Daily Breeze, June 2005

IN THE LINE OF HIRE

Our adventurer hits job market; job market hits back

 

STORY BY COREY LEVITAN

PHOTO ILLUSTRATION BY ROBERT CASILLAS AND JUDY SANFIELD/DAILY BREEZE

 

      Writing this adventure column has given me tons of on-the-job training. From pool-cleaning to dog-grooming to triangle-playing in the Torrance Symphony, I'm qualified for a wide array of careers should this journalism thing stop working out.

      But can I actually land something decent? I recently staged a job hunt to see.

      "You can be anything you want to when you grow up," my grandfather used to tell me and my little sister, "even a doctor."

      The doctor thing was big in my family. My sister didn't become one, but (close enough!) married one. How proud my grandfather would have been to know that I, too, would eventually court the medical field.

      A Daily Breeze help-wanted ad placed by San Pedro's Little Company of Mary Hospital seeks registered nurse applicants with experience. But, it adds, recent grads will also be considered.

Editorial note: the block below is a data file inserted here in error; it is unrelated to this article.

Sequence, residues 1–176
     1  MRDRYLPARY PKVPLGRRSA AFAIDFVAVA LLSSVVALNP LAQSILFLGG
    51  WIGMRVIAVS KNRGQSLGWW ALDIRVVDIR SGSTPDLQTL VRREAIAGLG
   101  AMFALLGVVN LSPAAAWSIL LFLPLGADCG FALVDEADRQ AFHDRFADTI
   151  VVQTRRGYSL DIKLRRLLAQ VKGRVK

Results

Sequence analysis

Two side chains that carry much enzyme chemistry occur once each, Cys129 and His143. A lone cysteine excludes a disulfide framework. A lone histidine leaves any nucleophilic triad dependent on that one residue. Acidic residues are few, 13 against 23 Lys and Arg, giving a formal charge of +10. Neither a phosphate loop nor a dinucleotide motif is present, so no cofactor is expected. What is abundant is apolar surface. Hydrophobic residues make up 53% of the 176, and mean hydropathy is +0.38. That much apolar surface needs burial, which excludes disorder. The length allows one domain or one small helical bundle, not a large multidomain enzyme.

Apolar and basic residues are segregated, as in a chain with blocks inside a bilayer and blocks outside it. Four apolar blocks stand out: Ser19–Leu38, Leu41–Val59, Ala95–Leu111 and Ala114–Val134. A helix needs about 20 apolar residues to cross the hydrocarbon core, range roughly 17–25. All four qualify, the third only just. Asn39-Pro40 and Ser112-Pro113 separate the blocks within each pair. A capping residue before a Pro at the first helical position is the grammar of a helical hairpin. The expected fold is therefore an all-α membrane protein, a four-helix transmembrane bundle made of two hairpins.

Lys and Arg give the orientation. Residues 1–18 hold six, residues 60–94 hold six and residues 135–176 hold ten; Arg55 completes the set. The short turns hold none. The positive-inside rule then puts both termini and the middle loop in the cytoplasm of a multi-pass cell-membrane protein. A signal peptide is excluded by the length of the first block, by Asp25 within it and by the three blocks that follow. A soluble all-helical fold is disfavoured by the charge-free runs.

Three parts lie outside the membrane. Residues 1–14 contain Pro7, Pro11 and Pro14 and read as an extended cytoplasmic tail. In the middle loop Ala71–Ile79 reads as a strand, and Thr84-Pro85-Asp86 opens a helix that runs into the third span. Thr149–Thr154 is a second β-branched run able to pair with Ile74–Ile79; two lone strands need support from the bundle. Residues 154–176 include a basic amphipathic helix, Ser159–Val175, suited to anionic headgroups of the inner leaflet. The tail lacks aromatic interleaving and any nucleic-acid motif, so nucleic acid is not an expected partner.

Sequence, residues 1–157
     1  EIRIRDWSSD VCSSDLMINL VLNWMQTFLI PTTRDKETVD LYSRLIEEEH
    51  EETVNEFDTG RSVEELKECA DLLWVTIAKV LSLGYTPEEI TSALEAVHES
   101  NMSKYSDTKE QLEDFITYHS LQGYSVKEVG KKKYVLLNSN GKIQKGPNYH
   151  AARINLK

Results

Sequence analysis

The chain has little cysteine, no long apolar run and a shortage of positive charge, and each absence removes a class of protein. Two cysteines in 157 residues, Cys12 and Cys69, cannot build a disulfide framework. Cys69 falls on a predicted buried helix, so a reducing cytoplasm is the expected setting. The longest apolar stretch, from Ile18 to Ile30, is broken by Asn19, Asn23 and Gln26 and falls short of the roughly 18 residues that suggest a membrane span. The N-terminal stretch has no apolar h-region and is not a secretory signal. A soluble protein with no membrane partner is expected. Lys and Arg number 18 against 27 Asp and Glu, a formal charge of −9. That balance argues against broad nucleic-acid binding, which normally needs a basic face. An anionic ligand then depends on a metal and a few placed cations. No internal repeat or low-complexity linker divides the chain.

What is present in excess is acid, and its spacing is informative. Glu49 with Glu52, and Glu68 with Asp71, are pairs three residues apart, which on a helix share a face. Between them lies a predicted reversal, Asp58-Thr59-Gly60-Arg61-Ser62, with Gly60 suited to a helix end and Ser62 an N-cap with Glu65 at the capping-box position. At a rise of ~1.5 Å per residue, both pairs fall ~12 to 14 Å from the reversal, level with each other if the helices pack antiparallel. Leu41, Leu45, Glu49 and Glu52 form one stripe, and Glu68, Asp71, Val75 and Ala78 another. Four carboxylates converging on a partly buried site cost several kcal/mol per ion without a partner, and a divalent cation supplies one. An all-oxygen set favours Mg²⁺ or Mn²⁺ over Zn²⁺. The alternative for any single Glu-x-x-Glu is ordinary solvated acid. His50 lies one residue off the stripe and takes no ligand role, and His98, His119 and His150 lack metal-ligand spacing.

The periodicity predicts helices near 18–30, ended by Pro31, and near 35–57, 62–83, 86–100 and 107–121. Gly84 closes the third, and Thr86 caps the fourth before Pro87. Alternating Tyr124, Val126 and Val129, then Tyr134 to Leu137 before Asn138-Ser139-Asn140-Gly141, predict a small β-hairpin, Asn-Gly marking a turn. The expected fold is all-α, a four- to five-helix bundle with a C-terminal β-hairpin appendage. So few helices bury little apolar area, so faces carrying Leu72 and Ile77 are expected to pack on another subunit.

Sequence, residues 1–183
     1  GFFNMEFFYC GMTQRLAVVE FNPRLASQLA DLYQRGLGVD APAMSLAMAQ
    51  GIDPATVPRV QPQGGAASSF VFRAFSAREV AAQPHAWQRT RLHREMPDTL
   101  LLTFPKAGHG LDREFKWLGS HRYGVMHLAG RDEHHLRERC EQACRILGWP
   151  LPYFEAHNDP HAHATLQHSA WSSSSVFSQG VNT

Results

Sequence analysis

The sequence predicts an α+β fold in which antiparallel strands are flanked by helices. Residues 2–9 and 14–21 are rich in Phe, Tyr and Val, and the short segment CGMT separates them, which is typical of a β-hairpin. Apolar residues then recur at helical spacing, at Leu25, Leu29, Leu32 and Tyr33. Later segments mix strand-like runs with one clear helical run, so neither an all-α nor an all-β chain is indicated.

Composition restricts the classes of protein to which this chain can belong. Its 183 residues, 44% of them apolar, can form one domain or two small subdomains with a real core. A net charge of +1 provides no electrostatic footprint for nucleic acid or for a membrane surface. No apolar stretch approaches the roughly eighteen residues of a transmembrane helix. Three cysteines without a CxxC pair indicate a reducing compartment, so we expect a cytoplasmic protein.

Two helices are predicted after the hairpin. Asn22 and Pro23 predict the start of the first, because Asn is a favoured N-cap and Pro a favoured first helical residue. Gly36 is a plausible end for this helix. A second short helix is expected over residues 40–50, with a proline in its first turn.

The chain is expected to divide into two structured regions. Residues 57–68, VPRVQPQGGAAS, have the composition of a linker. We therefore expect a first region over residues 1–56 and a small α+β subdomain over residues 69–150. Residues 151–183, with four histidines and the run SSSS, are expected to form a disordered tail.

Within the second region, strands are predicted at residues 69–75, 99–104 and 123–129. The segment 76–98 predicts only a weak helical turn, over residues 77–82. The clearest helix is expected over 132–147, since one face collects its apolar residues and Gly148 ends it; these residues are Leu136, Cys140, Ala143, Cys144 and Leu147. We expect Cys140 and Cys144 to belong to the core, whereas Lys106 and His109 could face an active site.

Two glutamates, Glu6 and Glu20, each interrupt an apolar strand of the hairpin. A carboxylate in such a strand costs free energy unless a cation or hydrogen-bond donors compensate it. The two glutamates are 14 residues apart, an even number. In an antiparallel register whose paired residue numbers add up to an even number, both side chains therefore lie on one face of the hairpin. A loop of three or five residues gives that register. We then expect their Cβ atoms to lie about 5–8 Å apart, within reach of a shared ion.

I considered embellishing my resume to a ridiculous degree -- like I did to get this job at the paper. But testing potential employers on whether they fact-check resumes is a separate article, and not necessarily a humorous one.

      I opt for honesty -- a version of it, anyway. According to my resume, I'm a music journalist (my official title at this paper). The objective reads: "I'm a self-motivated go-getter who likes to think outside the box. I seek a career change drawing on my proven ability to communicate, lead and help others, in a team situation where I can pursue my life's true ambition, to be a ____."

      I can practically hear some of you updating your resumes right now.

      In this case, the ____ is "registered nurse," but I will change it depending on the job sought.